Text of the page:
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Human Growth Hormone gene ( GH1 ) resides on chromosome 17q22-24 and it is expressed in somatotropic cells of the anterior pituitary gland. While there are multiple causes of GH Deficiency (GHD) a significant proportion have a genetic basis. The most severe Mendelian form of IGHD, called IGHD IA, has an autosomal recessive mode of inheritance. While affected individuals can have short lengths at birth and hypoglycemia in infancy, all develop severe dwarfism by six months of age. Although short stature, delayed growth velocity, and delayed skeletal maturation all occur with IGHD, none are specific for IGHD 1A. GH1 gene deletions, frameshifts, or nonsense mutations cause complete absence of GH in IGHD 1A. Thus IGHD 1A is best described as being complete GHD caused by severe loss of function GH1 gene mutations rather than being limited to only those having GH1 gene deletions. Interestingly, GH1 gene deletions are recurring mutations that can arise through unequal recombination in meiosis rather than by allele sharing through common descent. Individuals with IGHD 1A develop severe dwarfism in early infancy and often develop anti-GH antibodies after receiving exogenous GH. These antibodies can prevent the growth response expected from exogenous GH therapy. Individuals who are heterozygous for a GH1 gene deletion but whose other GH1 allele is not deleted and produces a non truncated product are usually immune tolerant.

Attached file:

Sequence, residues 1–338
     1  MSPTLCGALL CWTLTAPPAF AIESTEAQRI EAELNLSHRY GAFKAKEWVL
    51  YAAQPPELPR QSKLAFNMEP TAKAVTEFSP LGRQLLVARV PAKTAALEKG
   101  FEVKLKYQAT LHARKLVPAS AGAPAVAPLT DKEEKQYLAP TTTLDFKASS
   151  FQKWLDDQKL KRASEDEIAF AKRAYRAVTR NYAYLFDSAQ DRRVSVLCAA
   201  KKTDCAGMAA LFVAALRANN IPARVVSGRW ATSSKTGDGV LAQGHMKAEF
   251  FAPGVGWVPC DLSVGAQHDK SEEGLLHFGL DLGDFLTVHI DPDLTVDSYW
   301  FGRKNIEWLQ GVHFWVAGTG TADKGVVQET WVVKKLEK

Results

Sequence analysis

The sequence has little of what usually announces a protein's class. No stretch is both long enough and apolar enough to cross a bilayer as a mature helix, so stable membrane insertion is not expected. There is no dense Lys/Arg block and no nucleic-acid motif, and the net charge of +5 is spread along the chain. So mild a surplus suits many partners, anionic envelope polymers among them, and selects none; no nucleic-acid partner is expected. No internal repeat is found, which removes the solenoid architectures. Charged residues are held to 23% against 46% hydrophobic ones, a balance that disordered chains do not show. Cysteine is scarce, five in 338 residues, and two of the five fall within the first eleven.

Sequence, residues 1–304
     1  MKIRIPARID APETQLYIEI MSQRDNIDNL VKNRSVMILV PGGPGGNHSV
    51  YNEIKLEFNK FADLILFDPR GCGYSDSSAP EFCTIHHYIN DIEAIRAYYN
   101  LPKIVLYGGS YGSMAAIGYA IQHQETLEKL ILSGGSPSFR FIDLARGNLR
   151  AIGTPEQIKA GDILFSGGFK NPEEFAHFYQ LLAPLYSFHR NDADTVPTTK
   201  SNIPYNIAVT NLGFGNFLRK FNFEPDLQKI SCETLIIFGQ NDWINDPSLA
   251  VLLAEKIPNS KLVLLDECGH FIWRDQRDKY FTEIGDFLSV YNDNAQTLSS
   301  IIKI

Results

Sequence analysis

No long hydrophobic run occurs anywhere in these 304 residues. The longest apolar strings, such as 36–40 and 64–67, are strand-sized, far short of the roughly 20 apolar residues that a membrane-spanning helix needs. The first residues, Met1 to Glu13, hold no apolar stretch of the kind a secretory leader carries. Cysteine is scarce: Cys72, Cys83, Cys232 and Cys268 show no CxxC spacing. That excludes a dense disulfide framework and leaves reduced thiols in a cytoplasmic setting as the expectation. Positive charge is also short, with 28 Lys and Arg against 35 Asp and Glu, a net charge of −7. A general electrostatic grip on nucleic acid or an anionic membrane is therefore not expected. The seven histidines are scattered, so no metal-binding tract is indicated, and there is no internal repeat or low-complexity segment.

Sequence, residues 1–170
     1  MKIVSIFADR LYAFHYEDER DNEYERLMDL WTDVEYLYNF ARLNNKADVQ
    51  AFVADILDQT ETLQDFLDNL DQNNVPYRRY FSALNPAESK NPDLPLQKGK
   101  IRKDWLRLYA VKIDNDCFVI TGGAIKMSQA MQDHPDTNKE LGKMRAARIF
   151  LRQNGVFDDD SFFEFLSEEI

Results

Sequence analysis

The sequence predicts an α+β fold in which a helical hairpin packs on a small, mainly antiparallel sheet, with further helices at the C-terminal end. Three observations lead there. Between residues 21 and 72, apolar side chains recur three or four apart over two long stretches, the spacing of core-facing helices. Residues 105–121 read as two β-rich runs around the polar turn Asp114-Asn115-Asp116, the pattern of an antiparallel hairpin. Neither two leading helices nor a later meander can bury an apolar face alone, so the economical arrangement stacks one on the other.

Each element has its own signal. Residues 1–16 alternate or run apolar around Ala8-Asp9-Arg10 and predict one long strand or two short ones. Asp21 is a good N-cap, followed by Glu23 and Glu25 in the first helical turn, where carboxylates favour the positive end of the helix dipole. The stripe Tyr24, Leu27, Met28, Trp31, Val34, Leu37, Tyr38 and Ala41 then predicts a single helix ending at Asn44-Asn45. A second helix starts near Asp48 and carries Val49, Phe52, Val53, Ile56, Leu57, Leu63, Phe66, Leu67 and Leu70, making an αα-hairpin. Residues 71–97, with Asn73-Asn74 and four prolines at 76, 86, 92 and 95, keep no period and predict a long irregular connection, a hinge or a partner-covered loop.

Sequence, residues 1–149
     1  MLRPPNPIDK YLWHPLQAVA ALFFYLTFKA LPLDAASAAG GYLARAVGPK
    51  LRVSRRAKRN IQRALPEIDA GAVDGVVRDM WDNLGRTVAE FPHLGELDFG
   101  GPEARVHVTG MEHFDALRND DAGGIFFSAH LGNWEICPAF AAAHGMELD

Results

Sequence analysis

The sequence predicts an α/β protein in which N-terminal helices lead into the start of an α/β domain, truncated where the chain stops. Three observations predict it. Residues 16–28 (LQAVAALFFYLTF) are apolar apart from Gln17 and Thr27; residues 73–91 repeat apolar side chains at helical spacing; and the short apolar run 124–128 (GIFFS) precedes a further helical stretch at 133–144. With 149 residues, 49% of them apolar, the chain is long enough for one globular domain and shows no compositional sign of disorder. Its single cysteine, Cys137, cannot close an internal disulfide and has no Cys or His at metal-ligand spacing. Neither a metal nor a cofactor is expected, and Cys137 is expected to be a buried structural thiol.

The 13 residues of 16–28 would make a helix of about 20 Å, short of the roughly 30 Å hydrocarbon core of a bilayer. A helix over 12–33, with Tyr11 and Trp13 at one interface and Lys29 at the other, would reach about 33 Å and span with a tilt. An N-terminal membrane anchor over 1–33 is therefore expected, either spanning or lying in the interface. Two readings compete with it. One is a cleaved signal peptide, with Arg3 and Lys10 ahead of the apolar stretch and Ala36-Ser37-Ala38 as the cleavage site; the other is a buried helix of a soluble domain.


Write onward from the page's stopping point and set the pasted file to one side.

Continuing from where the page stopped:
Joy Darlene Cogan, John Atlas Phillips. GH1 gene deletions and IGHD type 1A. Pediatric endocrinology reviews : PER. 2006 Aug;3 Suppl 3:480-8

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PMID: 17551470

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